If you don’t know by now, Roger is playing his first round match tomorrow against Peter Luczak of Australia. He will be the second match on Court Phillipe Chatrier after a women’s first round match. Given that play starts at 11 am, it means he will begin his match at around 12-1230 pm. He has left this message for his fans before his match:
Of course play started today, and there has been some pretty good news for Roger already, because Ernests Gulbis retired in his first round match against Julian Benneteau after trailing 6-4 6-2 1-0. It’s a shame that he had to retire, but apparently he was being outplayed in the first two sets anyway.This is disappointing for Gulbis fans who would have had hopes of him making at least the fourth round. I thought Gulbis had made a lot of progress of late, so it’s a bit surprising to see him being outplayed by someone like Benneteau. I also thought Gulbis would make the quarter finals and possibly give Roger a tough time, so this is great news for Fedfanatics. The favorite to make the quarter-finals out of that section of the draw must be Soderling now, who had a pretty impressive victory over a Frenchman called Recouderc, 6-0, 6-2, 6-3.
I think Soderling would be less dangerous for Roger because Roger has such a good record over Soderling(12-0), and he beat him handily in last year’s final. Roger’s possible second round opponents, Falla and Tipsarevic, was also in action today, and Falla won that one easily 6-1, 6-2, 6-3. But lets get back to tomorrow’s match. Roger and Luczak have never played before. Luczak is ranked 71, and in the four times he has played at the French, he has only won one match. So suffice to say I expect a straight set victory. The other match that I will be looking forward to tomorrow is Gasquet vs Murray. Brad Gilbert, who is a tennis genius, has written an interesting piece about that match:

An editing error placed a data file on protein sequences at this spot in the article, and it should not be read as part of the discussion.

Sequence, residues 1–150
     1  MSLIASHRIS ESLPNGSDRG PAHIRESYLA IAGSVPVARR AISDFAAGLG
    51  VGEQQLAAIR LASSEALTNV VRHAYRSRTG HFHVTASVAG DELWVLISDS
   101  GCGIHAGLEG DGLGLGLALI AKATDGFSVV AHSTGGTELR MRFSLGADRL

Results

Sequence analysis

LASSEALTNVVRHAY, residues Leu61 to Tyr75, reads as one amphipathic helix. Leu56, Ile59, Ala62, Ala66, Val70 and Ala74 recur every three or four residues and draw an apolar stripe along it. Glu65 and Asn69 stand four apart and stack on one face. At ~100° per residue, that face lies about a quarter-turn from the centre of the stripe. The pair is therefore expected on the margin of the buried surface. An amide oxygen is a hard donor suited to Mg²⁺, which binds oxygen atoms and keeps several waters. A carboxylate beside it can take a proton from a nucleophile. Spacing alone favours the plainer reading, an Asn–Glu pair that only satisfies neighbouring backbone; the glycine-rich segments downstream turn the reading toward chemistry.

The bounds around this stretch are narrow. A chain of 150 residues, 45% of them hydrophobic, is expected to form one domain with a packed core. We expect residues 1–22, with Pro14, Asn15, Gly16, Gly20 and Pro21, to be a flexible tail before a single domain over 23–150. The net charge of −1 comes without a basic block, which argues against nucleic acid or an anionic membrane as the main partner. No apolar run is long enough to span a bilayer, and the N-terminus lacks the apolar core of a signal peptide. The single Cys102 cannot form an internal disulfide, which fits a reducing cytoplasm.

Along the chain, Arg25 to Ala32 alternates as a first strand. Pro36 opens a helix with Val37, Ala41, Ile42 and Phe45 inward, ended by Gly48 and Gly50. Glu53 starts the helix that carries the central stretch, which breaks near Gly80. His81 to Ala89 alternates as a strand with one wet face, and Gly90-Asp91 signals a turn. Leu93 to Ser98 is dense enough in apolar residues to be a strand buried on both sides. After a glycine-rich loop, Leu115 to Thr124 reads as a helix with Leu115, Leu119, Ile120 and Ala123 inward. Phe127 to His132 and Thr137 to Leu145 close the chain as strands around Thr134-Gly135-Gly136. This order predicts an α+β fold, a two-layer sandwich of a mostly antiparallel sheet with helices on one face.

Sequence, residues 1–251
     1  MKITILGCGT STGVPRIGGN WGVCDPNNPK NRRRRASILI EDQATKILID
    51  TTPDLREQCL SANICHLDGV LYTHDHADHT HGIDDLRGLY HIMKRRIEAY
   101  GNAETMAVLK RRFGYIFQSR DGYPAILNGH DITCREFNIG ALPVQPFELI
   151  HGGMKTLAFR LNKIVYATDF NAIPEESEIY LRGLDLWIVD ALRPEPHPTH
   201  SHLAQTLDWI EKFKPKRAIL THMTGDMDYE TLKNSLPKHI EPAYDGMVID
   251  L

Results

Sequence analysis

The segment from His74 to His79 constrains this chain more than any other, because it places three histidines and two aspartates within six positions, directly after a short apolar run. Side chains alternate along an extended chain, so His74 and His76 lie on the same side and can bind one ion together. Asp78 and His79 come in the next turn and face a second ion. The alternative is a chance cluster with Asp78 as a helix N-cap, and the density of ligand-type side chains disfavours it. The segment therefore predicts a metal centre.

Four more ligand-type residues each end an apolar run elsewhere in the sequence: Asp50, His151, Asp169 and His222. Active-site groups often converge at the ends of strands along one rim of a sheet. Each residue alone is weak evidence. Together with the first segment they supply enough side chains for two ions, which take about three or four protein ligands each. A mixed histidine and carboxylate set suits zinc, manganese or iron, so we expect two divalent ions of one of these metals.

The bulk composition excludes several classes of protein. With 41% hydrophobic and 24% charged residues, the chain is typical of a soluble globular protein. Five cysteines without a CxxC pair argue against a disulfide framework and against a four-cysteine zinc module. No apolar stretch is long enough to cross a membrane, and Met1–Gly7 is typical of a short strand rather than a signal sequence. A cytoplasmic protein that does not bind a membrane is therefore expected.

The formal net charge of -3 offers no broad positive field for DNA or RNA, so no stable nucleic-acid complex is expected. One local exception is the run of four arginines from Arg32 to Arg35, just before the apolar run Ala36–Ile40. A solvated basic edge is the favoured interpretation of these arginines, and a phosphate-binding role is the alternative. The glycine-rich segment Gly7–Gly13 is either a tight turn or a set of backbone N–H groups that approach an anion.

Then there is another very interesting article in which Andre Agassi talks about Nadal and Federer. Agassi had the following to say about Nadal:
“It’s like climbing Mt. Everest with bad weather trying to get over the line with Nadal in a three-out-of-five set match on clay,” Agassi told FOXSports.com. “Certainly Robin Soderling shocked the world by upsetting him last year, but this year he’s far and away the favorite.”
Of course he is 100% correct. To beat Nadal is going to take a monumental effort this year, especially with guys like Del Potro and Davydenko not playing, and Soderling not being in his side for the draw.
“On clay I would have had to play on the edge against him and play lights out and that’s not the way to play tennis. It’s about calculated risk and he’s going to make you take some crazy chances because the alternative is to get moved around court like you are on a string.
“Roger has the skill set to do it and if I’m coaching him I’m telling Roger that on clay he has to assume a level of risk. The one shot that Federer has that I haven’t seen him use that effectively against Nadal is when he flattens out his forehand. He moves around his backhand to hit the inside-out forehand and takes one of the those new-age swings where the ball lands low and bounces away, but Rafa preys on it. If he can flatten out his forehand like Soderling does when he runs around the backhand, the speed of that ball is what going to give him progress in the point, not direction and spin. I know Roger has that shot, I just haven’t seen it quite as much as he should use it.
“Eventually what happens when they play is he tries to beat Rafa with his backhand because Nadal eventually gets over there and gets onto Federer’s backhand and if Federer tries to move around to hit a forehand, he gives up a lot of real estate.
Agassi obviously knows his tennis. He is basically echoing what I have been saying for ages now. For Roger to beat Nadal he has to take risk. Period. That is the single most important thing that Roger has to have in mind when he steps onto a clay court with Nadal. The way he stepped out against Nadal in Madrid in the first set was unacceptable. That was the kind of mentality he showed in previous French Open finals and that is simply not going to suffice. If he is to beat Nadal he must play a high risk game and flatten out his forehand like Agassi suggested. You don’t ever want to play a high risk game, but against Nadal you have to do that. The reason Soderling beat Nadal was because he played the match on his terms. Soderling does not fear Nadal, which is the same attitude Roger has to take if he is to have any chance at all of upsetting Nadal at Roland Garros.
May the Fedforce be with you.
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